Tuesday, 17 February 2009

ABC Wednesday E for English Broken here...



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Some of the English books I used in various classes from beginners to advanced students.

It stands to reason that people whose native language isn't English keep making mistakes in this language. We try to use certain expressions, but this can sometimes turn out to be very funny. Even if we do our utmost to speak English correctly, there comes a moment that we say something wrong. Here are a few examples of people whose mother tongue is certainly not English!

IN A PARIS HOTEL ELEVATOR: Please leave your values at the front desk.

IN A HOTEL IN ATHENS: Visitors are expected to complain at the office between the hours of 9 and 11 a.m daily.

OUTSIDE A HONGKONG TAILOR SHOP: Ladies may have a fit upstairs.

ON THE MENU OF A SWISS RESTAURANT: Our wines leave you nothing to hope for.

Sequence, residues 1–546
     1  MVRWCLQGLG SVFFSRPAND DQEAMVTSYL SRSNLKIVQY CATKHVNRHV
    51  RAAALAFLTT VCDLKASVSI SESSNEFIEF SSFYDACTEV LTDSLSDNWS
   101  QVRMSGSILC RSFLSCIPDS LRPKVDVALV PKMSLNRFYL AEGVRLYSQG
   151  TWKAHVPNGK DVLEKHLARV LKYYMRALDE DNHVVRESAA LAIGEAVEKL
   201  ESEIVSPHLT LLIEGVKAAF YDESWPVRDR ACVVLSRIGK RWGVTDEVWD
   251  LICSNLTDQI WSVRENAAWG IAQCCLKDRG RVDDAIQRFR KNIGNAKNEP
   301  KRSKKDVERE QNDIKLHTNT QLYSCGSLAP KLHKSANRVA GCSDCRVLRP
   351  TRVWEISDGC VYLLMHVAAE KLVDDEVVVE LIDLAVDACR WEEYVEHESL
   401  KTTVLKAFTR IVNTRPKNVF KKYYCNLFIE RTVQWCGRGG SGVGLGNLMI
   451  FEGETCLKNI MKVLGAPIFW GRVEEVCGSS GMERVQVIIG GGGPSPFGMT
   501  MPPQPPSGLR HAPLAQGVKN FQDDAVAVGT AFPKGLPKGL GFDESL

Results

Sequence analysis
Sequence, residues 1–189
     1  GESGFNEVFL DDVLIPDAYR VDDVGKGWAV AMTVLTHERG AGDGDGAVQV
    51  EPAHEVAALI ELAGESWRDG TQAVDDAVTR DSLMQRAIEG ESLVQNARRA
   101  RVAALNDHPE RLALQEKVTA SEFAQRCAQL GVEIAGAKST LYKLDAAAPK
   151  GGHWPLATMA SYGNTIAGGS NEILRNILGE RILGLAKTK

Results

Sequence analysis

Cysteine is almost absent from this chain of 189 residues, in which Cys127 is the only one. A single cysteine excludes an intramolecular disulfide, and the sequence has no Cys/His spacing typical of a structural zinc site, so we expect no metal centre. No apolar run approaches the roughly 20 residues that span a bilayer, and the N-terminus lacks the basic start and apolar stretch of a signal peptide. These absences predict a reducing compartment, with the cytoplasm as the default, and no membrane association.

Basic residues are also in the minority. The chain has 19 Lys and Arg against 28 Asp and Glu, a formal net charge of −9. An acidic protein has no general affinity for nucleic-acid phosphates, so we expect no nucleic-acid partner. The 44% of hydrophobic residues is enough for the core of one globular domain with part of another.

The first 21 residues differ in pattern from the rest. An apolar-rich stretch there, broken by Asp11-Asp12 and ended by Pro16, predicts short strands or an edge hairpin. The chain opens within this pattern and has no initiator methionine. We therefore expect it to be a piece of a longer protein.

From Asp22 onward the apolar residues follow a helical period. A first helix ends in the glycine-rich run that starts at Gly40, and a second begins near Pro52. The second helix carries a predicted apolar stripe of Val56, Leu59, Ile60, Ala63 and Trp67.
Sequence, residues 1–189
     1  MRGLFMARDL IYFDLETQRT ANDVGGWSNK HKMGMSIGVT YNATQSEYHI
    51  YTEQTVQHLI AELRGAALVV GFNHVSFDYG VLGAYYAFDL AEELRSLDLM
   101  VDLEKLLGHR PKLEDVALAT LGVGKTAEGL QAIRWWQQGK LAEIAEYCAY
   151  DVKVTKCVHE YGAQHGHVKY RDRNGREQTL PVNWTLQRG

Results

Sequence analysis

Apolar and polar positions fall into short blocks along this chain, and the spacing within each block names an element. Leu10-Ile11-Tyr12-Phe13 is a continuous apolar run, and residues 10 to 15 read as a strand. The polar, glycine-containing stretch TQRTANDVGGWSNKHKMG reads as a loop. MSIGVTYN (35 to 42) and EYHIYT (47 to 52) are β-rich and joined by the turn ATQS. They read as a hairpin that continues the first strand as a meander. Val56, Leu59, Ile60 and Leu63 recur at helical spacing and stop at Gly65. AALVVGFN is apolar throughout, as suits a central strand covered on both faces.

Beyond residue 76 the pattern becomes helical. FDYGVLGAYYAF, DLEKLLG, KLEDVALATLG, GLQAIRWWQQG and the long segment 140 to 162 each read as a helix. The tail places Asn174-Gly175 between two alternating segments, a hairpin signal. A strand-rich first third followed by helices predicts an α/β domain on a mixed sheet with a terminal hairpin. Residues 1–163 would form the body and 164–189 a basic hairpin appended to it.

And what to think of this ?
IN A BANGKOK DRY CLEANER'S: Drop your trousers here for best results.

Here another indecent proposal!
IN A ROME LAUNDRY: Ladies, leave your clothes here and spend the afternoon having a good time!

More indecencies!
IN A ZURICH HOTEL:Because of the impropriety of entertaining guests of the opposite sex in the bedroom, it is suggested that the lobby be used for this purpose.

It's going to be dangerous if you want to go to Rhodes!
IN A RHODES TAILOR SHOP: Order your summers suit. Because is big rush we will execute customers in strict rotation.

IN THE LOBBY OF A MOSCOW HOTEL ACROSS A RUSSIAN ORTHODOX MONASTRY: You are welcome to visit the cemetry where famous Russian and Soviet composers, artists and writers are buried daily except Thursday.

And what does this mean???
IN AN AUSTRIAN HOTEL CATERING TO SKIERS: Not to perambulate the corridors in the hours of repose in the boots of ascension.

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47 comments:

Dina said...

LOL, good one, Wil! I trained as a translator and our class and teachers would collect such priceless bloopers. The funniest part is that often no one corrects such signs.